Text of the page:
8. Finally, check that it will work. I suggest you test it using the QEMU button in RMPrepUSB and select the first non-persistent menu item. As QEMU is quite slow, just check it gets as far as finding the squashfs (press ESC to see the linux boot messages).
If XBMCbuntu is not booting, try the following steps:
Only use QEMU to initally check that the USB drive starts to boot OK, QEMU may crash if you try to actually use XBMC once it has booted! Instead - use a real system for all other testing
Remove the quiet and splash text from the first menu entry (you can put it back later once it is working!)
Always test using the first (non-persistent) menu
Check the steps in this Tutorial again!
Check spelling of files and folders!
Use a USB 2.0 port
Use the rear USB 2.0 port (and try to avoid using a USB extension cable)
Use a different system, preferably one that is 2 - 5 years old - avoid using a very new system which may have an unsupported chipset (e.g. Intel SandyBridge or IvyBridge). I tested on an Asus EeePC which was OK, but a new Ivybrdge notebook was obviously having problems once it had booted!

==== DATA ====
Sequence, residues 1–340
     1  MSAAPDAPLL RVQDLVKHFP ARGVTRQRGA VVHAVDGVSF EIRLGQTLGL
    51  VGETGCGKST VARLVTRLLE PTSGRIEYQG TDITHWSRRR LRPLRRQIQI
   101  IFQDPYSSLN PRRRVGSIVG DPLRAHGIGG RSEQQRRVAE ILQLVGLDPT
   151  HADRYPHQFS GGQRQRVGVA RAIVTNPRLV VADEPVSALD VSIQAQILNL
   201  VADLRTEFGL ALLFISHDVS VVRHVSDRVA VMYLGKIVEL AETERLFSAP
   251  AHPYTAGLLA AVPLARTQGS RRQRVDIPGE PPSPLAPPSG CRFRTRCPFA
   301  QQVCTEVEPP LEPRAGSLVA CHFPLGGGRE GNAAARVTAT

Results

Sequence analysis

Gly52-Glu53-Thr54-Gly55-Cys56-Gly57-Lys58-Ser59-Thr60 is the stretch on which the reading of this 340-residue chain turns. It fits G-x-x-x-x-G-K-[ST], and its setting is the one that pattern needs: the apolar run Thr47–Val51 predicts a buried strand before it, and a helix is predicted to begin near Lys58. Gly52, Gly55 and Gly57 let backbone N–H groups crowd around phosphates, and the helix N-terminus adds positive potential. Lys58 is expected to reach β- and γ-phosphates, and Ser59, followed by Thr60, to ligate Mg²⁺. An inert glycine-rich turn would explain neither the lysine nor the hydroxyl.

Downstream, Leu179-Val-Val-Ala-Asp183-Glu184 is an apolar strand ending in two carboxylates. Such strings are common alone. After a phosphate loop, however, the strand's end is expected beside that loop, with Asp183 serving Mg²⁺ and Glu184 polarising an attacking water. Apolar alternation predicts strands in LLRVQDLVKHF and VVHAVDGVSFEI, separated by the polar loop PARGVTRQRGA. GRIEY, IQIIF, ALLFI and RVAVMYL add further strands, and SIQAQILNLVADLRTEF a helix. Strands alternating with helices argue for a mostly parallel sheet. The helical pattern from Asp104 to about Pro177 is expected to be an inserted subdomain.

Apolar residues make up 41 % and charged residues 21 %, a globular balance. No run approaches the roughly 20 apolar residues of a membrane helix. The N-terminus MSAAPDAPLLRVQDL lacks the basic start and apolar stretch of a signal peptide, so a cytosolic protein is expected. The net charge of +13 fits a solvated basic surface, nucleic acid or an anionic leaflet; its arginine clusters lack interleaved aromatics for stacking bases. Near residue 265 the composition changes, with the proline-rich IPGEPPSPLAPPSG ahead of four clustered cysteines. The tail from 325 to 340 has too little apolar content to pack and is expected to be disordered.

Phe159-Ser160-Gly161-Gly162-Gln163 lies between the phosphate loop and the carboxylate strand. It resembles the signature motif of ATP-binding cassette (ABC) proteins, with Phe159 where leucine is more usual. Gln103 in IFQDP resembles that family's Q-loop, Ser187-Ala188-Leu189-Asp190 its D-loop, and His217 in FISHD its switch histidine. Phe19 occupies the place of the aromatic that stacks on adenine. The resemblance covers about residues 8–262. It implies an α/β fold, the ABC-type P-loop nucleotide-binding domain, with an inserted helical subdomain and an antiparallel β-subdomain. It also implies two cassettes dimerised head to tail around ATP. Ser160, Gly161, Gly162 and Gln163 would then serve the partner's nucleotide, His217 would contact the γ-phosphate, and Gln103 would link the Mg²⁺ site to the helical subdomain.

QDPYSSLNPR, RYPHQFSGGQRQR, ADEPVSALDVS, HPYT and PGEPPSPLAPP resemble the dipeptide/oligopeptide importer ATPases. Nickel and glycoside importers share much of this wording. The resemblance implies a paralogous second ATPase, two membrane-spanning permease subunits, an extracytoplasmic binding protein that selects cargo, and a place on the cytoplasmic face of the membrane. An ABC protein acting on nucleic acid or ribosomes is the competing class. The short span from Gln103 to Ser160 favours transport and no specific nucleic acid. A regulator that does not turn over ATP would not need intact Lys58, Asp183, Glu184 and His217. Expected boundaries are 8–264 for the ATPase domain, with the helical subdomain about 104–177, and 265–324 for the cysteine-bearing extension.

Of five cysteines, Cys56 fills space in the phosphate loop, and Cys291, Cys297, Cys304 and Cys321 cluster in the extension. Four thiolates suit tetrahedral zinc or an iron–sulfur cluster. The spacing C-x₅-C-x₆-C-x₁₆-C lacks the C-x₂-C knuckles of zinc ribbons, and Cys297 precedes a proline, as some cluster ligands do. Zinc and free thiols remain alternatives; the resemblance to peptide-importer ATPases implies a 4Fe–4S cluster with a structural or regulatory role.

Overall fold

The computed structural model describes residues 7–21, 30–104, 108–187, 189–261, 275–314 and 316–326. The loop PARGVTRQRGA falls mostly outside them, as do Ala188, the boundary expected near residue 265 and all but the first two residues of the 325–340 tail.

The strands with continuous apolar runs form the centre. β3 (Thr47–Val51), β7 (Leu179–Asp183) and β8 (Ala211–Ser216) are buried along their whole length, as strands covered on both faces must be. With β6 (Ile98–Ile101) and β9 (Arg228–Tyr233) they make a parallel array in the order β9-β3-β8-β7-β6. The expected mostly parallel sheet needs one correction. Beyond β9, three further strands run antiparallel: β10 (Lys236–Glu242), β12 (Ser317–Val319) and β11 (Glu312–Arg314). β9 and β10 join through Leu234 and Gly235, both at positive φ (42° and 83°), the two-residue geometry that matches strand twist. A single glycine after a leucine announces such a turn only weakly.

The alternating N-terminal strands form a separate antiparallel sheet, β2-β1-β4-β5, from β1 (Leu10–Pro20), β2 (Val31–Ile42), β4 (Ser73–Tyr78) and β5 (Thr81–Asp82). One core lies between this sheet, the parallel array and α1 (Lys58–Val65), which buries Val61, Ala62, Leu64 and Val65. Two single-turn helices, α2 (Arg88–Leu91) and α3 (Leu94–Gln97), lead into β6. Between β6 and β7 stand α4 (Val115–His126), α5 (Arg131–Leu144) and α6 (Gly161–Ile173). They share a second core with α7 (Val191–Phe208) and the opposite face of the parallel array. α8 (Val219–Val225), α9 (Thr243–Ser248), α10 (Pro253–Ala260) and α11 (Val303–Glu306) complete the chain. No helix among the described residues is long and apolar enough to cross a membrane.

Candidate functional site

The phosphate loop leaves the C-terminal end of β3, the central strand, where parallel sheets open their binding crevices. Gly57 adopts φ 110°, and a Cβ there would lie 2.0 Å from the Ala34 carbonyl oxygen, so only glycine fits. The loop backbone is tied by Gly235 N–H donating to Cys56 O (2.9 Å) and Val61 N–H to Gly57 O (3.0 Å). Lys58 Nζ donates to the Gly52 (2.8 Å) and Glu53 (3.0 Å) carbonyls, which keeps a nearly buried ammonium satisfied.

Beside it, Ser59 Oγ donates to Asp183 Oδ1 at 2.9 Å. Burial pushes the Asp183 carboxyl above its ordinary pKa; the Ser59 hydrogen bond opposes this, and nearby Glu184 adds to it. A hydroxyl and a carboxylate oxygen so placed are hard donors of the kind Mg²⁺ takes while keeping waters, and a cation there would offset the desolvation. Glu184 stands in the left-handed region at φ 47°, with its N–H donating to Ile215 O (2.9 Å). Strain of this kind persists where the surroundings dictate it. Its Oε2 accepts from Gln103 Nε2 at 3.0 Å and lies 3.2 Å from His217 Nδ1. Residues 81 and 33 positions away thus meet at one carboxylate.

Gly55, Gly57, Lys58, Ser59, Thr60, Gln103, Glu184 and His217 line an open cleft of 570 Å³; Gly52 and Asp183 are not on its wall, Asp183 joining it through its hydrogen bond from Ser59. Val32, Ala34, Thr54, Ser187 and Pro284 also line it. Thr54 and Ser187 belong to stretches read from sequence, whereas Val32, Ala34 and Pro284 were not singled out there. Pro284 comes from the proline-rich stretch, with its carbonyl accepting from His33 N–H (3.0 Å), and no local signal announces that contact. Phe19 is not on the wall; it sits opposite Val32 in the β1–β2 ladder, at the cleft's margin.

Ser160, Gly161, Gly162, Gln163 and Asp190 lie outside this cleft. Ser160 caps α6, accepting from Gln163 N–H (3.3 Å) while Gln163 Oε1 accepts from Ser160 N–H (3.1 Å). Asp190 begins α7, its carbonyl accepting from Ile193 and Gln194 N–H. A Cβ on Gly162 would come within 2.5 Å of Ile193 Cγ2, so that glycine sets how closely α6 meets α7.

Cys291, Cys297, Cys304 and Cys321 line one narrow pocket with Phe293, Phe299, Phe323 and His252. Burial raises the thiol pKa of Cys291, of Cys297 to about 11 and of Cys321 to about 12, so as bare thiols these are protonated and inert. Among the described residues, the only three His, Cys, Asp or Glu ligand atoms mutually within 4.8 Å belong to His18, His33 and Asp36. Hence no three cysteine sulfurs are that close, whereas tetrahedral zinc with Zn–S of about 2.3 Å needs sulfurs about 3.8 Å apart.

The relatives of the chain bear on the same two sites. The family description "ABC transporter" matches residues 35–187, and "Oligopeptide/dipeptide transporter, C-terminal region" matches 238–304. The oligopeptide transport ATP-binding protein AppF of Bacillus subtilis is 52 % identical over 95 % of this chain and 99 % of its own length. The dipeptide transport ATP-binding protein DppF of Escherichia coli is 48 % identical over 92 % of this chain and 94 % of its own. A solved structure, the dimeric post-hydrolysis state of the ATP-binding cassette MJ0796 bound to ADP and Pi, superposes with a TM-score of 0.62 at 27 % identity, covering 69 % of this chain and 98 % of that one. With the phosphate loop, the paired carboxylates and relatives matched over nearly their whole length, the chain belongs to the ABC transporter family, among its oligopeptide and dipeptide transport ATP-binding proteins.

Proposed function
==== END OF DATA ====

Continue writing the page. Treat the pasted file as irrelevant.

If your Flash drive was working with the Persistent boot option, but has stopped booting since then after a few reboots, try the first non-persistent menu option - if that works then your ext2 filesystem is probably corrupt. Delete the \xbmcbuntu\casper-rw file and remake it (see Step 5). Your previous settings will, of course, be lost! Make sure you always shutdown XBMCbuntu nicely each time!
Tip: If you want a dedicated XBMC system for less than £40, checkout the Raspberry Pi!
Try xbmcbuntu directly from an ISO!
If you already have a grub4dos multiboot USB drive, try this (note that the 4th partition entry on your USB boot drive must be free, as it will be destroyed by this menu!)
1. Create a \_ISO\Linux folder and place the ISO file in it - e.g. xbmcbuntu-12.00-RC1.Intel-NVIDIA.iso
2. Add the following entry to your grub4dos menu.lst file
title Load xbmcbuntu-12.00-RC1.Intel-NVIDIA.iso
# set the path and filename on this next line
# make empty table entry in 4th position in ptn table
parttype (hd0,3) | set check=
if "%check%"=="0x00" partnew (hd0,3) 0 0 0
if not "%check%"=="0x00" echo ERROR: PTN TABLE ENTRY 4 IS ALREADY IN USE! && pause && configfile /menu.lst
# check iso file is contiguous (optional section)...
blocklist %ISO% | set check=
echo %c% > (md)2800+1
#echo Checking for comma in && cat (md)2800+1
cat --locatei="," (md)2800+1 > nul && echo WARNING: %ISO% is not contiguous - please run WinContig.exe on the drive! && pause